Minority Report (2002)
Where A.I. focused on the sentimentality of our future, Minority Report, rather brilliantly, chronicles the dark side of our futuristic human nature.  Living in a world in which murders can be seen, and stopped, beforehand, Minority Report shows how the system could work, but not without a little sacrifice of independence.  Tom Cruise, in a rare, post-Magnolia great performance, perfectly embodies Chief John Anderton.  And while I may not always care what he’s doing (the film does get temporarily bogged down with a weak back story of Cruise’s kidnapped son), it’s damn fun to see how he gets there. A

Catch Me If You Can (2002)
Spielberg’s throwback to the Golden Era of pre-Vietnam – a time when the music was jazzy, the women were dolled-up, the men wore hats, and the drinks flowed like wild – is always a breeze to take in, thanks much in part to Jeff Nathanson’s shifty screenplay and evolving performances by Leonardo DiCaprio and Christopher Walken.  But, as Spielberg often has a tendency to do, the film tries to cram too much in.  Take out some of the subplots and side schemes (thus eliminating 20 minutes or so of its 141 minute runtime) and the movie would undoubtedly flow better.  The pacing isn’t a major problem in Catch Me If You Can, but it was obviously a hint at what was to come.  A-

The Terminal (2004)
The biting-off-more-than-he-can-chew pacing troubles couldn’t be more evident than in The Terminal.  The premise, based on a real man who was stuck in a French airport due to diplomatic nightmares, is unique, and the presentation is delightful.  In terms of craft, The Terminal is damn near flawless, with John Williams’ score matched effortlessly with Janusz Kaminski’s photography, all under the guidance of Alex McDowell’s expansive set design.  But the movie simply takes on too much: the Trekie bit, the disgruntled janitor, Catherine Zeta-Jones; just focus on Viktor, limit the rest.  B

War of the Worlds (2005)
Here’s the quick breakdown of War of the Worlds: great action scenes, bad everything else.  Well, okay… Dakota Fanning is good, and the movie flows well.  But Tom Cruise is seriously overselling here and Tim Robbins’ cameo is utterly disastrous.  And the end (both on the human and alien side) is laughable.  A good action flick, but not much more. B-

Munich (2005)
Much like Schindler’s List, Munich is a movie that takes its damn sweet time moving along, but the lasting result is a film of indelible power.  The film is a series of set pieces: we get much needed exposition dialogue, followed by a harrowing action sequence, most of which draw fair comparison to Hitchcock.  The opening Olympic hostage sequence is so authentic, it feels like were actually there, and when Jim McKay says “they’re all gone,” it’s as if he’s telling us directly.  Munich is a great, patient film; a necessary component to the Spielberg name. A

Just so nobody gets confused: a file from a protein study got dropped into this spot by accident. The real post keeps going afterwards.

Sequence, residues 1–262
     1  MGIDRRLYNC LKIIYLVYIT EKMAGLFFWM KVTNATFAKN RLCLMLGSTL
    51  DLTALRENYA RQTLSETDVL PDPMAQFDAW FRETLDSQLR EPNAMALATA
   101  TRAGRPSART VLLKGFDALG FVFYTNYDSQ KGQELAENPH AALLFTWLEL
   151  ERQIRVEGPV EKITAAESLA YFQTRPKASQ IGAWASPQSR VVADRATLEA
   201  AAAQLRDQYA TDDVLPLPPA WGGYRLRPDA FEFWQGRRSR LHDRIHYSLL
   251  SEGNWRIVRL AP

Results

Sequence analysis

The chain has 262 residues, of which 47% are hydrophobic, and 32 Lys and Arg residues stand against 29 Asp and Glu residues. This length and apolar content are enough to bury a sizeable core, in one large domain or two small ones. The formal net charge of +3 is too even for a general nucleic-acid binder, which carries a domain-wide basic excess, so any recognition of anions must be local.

Indiana Jones and the Kingdom of the Crystal Skull (2008)
At least this time around I have some people in my corner.  Seriously, Kingdom of the Crystal Skull is completely ridiculous.  And I’m not just saying that as a naysayer of the Indy franchise, I’m saying it as a film enthusiast.  Escaping a nuclear bomb in a refrigerator, Shia LaBeouf, aliens (wtf?)… we should probably all just forget this ever happened.  D-

The Adventures of Tintin: The Secret of the Unicorn (Dec. 23, 2011)
Spielberg has two films set for Oscar-bait releases this year.  First is The Adventures of Tintin, Spielberg’s first animated flick, which he collaborated with Peter Jackson on, followed by…

War Horse (Dec. 28, 2011)
Which looks just plain dumb to me.  More on this here.  Will Spielberg achieve financial and critical success with the “one for them, one for me” model he perfected in 1993?  We shall see.

In summation:
Masterful
Jaws
E.T.: The Extra-Terrestrial
Schindler’s List
Saving Private Ryan
A.I. Artificial Intelligence
Minority Report
Munich

Great
Close Encounters of the Third Kind
Empire of the Sun
Jurassic Park
Catch Me If You Can

Good
Duel
Raiders of the Lost Ark
The Color Purple
Hook
The Lost World: Jurassic Park
Amistad
The Terminal
War of the Worlds

Eh
The Sugarland Express
Twilight Zone: The Movie, Kick the Can
Indiana Jones and the Temple of Doom
Indiana Jones and the Last Crusade

Just Plain Bad
1941
Always
Indiana Jones and the Kingdom of the Crystal Skull

7 comments:

  1. I've started Amistad twice and never finished it. So boring.

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  2. Great post. It really is amazing that one man is responsible for so many great (and quite a few mediocre) films. I think you may have just inspired me to start marathoning his films.

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  3. Awesome man. Take that masterful list and you can have one hell of a mini film festival.

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  4. I actually loved Amistad and really disliked Saving Private Ryan.

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    1. Oh really? Well hey, fair enough. Sadly, Amistad didn't hold up for me when I watched it last. Strong opening though.

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  5. Jurassic Park was the first notable film I ever saw, and it kickstarted a life-long passion for film.

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    1. Such a great film, isn't it? That's one of the initial, most memorable films for me too.